By Dr. Melody Green
In his autobiography Surprised by Joy, C. S. Lewis describes how, when he was a young atheist, he read a book that he described as having “baptized my imagination.” That book was Phantastes, a fantasy novel written by the Victorian Scottish author, pastor and poet George MacDonald. Later, Lewis explains that even though he did not have a name for it at the time, what he encountered in MacDonald’s story was “holiness.” Lewis acknowledged his debt to MacDonald in other texts as well, including The Great Divorce, in which MacDonald becomes a spiritual mentor to the main character.
We know he influenced C. S. Lewis, but what relevance does MacDonald have for us today? For some, the fact that Lewis loved his work is reason enough to read it. Even though he was a Scottish pastor who died more than 100 years ago, many of his stories address issues that we still deal with today. For example, the novel Salted with Fire explores the far-reaching effects of a pastor’s sexual sin, while Paul Faber engages the question of whether science and faith can be compatible.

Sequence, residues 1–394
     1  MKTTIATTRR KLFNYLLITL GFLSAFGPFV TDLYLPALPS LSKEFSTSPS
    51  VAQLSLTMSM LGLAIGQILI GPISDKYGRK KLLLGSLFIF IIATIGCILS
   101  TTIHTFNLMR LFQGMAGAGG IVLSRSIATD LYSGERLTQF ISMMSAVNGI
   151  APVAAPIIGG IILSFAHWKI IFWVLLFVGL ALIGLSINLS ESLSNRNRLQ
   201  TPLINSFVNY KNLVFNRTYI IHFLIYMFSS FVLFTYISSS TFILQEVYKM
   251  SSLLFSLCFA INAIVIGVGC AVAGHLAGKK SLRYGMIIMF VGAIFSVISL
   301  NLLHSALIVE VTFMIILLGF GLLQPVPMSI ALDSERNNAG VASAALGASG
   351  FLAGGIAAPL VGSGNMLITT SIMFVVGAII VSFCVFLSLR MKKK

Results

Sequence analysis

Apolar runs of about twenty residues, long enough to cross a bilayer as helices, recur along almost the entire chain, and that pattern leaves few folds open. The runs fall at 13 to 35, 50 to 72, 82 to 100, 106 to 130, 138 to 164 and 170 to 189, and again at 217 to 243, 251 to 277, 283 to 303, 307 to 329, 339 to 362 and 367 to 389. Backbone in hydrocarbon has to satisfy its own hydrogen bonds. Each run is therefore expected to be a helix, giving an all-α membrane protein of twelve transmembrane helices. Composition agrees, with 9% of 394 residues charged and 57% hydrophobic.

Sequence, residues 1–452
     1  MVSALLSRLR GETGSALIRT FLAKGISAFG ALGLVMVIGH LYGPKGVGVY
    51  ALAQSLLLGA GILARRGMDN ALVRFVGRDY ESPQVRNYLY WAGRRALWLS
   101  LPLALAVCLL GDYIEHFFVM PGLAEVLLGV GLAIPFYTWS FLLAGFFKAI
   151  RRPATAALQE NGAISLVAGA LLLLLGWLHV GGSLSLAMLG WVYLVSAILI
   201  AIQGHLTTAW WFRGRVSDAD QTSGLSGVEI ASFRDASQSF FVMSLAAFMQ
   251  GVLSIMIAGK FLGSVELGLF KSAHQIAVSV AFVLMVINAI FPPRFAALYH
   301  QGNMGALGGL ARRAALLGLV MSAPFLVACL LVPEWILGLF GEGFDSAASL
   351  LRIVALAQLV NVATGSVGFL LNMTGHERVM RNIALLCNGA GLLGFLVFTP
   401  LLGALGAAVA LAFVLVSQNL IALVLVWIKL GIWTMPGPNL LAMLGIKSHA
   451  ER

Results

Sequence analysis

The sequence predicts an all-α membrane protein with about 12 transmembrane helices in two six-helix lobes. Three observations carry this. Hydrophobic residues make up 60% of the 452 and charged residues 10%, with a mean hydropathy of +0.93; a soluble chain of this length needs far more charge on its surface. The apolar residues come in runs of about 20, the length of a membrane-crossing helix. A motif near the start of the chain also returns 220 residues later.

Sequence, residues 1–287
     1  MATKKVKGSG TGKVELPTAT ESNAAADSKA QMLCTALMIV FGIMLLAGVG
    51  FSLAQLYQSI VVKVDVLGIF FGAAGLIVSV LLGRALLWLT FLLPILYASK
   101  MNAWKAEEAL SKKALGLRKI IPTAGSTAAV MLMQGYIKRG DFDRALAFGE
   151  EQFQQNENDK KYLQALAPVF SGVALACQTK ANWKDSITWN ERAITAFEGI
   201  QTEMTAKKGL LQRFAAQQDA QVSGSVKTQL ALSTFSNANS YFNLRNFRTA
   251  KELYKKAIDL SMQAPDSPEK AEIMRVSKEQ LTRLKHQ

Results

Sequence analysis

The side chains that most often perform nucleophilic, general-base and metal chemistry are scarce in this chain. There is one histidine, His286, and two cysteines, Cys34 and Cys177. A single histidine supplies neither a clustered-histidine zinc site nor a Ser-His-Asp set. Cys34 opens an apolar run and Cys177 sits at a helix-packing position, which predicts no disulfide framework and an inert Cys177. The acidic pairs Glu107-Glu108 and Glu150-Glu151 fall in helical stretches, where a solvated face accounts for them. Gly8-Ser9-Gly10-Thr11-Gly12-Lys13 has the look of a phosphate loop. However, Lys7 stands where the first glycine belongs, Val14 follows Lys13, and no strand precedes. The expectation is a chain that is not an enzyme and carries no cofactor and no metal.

MacDonald is best known, however, for his fantasy. According to scholar C. W. Sullivan, he set the “tone” and “style” of the genre as we know it today. In other words, not only did MacDonald influence Tolkien, Lewis, and other Christians, but he also paved the way for such contemporary stories as Game of Thrones. Two of his essays, “The Imagination” and “The Fantastic Imagination,” begin to build a theology of fantasy that provides a lens through which such stories can be better understood in light of that which is good, noble, and right. For MacDonald, good fantasy can break the laws of nature, but must uphold the laws of God.
This summer Urbana Theological Seminary is offering a Monday Evening class on the writings of George MacDonald. We’d love to have you join us! Contact Dr. Green for more information: firstname.lastname@example.org
By Dr. Melody Green